WATSEKA — The newly hired chief executive officer of Iroquois Memorial Hospital in Watseka says he would like to "re-examine" the possibility of the hospital offering home-health services in two rural counties across the Indiana border, now that the Ford-Iroquois County Public Health Department has nixed its own plan to do so.
"It's certainly worth another look, that's for sure," hospital CEO/Administrator Chuck Bohlmann said.
Public health officials in Benton and Newton counties in Indiana said last week that they would welcome more home-health services for their residents. Due to budgetary and staff constraints, both counties' health departments are unable to provide home health, relying instead on Jasper County Hospital medical staff to travel to the area to provide the service.
The Ford-Iroquois Public Department was preparing to expand its home-health program into the two Indiana counties to address a need for more home-health services there, but then dropped the plan after Iroquois County State's Attorney Jim Devine said the move would be against Illinois law.
The Ford-Iroquois Health Department's home-health coordinator, Mary Cahoe, had researched the need for providing the service in Indiana and found there to be "a lack of medical services available locally," according to the agency's proposal to license a home-health branch in Kentland, Ind. The eight-page proposal was obtained through a Freedom of Information Act request.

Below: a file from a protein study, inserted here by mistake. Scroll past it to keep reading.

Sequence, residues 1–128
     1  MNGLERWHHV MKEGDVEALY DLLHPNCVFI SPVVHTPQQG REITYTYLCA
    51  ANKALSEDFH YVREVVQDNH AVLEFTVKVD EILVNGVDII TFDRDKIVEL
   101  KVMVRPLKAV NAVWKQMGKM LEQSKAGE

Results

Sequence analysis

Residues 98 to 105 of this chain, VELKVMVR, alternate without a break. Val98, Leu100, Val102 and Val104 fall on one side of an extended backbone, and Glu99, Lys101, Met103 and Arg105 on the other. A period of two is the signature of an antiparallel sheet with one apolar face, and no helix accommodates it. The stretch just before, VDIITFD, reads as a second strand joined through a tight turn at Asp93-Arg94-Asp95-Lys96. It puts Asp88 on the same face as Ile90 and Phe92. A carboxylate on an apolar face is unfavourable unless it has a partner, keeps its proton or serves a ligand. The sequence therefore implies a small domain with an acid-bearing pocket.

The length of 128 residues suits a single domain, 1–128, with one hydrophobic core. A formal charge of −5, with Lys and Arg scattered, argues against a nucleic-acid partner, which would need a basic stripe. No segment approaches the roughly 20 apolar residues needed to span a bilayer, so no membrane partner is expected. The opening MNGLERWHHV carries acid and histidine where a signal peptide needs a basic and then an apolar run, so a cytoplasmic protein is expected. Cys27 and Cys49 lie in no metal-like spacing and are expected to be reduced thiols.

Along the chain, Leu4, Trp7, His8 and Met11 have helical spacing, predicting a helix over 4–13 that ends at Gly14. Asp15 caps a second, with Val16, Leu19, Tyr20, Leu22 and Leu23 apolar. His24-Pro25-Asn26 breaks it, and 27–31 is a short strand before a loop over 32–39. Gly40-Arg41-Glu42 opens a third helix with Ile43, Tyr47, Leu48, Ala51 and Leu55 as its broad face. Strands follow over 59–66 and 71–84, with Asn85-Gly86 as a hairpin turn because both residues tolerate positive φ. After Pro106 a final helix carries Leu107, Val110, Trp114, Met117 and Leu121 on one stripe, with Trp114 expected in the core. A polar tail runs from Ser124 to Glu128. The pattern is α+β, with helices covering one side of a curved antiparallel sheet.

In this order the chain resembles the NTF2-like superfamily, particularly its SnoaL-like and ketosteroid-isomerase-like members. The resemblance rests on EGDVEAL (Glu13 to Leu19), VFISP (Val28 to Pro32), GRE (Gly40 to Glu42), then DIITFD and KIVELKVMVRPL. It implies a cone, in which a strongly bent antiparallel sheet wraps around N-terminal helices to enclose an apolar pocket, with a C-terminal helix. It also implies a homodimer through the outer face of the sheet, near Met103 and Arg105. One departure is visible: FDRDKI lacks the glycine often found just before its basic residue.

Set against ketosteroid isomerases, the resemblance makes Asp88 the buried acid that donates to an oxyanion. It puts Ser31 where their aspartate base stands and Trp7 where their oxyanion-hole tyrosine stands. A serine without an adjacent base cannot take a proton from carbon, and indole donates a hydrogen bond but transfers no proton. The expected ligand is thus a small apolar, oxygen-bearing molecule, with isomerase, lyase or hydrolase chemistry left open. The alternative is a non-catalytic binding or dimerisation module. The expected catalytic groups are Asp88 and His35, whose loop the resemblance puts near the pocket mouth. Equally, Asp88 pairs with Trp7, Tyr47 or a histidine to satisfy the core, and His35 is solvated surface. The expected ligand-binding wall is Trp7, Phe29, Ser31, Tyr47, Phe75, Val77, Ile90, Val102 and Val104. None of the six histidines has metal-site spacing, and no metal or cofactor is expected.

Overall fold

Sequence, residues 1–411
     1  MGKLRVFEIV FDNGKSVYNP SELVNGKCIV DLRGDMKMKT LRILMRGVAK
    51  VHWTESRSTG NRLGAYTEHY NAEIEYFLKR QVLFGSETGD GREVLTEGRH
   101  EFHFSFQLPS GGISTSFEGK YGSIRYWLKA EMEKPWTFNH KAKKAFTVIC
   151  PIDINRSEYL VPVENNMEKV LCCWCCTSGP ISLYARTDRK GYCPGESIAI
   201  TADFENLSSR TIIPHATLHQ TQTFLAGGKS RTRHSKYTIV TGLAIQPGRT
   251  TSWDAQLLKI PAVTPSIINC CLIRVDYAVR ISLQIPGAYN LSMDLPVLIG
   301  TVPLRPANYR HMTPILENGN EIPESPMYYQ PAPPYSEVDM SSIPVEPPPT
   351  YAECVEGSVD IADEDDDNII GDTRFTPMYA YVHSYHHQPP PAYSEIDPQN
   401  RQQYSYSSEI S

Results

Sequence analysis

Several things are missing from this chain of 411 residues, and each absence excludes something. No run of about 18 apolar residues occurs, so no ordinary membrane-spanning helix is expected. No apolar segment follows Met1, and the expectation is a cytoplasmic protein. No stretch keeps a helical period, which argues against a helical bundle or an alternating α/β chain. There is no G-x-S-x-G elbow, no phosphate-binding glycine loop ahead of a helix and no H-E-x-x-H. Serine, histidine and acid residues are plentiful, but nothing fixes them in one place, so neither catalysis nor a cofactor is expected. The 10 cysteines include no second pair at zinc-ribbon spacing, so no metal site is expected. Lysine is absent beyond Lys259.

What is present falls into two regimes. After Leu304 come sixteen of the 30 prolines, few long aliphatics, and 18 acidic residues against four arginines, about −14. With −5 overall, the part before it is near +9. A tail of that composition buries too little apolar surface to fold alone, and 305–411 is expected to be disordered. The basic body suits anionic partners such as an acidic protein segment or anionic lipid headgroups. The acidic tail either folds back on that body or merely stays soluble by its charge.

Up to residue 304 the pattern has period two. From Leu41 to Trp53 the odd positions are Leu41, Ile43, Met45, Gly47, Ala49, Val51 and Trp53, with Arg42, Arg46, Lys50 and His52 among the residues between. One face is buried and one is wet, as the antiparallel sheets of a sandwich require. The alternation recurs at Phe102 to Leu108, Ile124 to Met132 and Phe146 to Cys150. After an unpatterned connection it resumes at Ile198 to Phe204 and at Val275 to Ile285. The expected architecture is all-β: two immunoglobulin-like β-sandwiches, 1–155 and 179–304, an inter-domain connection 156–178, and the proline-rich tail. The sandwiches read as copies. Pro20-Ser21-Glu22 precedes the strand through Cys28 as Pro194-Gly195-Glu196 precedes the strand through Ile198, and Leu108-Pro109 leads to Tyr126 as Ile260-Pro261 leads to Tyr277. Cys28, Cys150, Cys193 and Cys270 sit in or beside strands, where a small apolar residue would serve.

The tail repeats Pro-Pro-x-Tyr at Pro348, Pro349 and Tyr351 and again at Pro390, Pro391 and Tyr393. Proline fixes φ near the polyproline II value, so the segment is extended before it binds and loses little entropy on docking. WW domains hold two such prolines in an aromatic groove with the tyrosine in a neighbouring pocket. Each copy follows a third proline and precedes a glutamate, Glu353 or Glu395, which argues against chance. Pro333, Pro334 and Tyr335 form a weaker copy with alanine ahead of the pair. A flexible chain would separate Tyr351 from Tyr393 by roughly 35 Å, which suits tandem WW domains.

Jasper County Hospital, based in Rensselaer, Ind., already provides home-health services to all of Newton County and a portion of northern Benton County that includes Earl Park and Gilboa Township.
However, the hospital told Ford-Iroquois Public Health officials that "they would welcome our services due to the distance that they must travel to provide services outside of Jasper County," according to Ford-Iroquois Public Health spokesman Julie Clark.
Bohlmann, who has only been working as CEO of the Watseka hospital since Dec. 24, said the hospital does not have a license to operate its home-health program in Indiana.
The hospital had looked into the possibility of expanding its home-health program to Indiana several years ago, said Bohlmann, who held a different position at the hospital at that time. However, there was a "moratorium" on new home-health licenses being granted at that time, he said.
Also, "at that time, the numbers weren't there to make it a profitable opportunity," he said.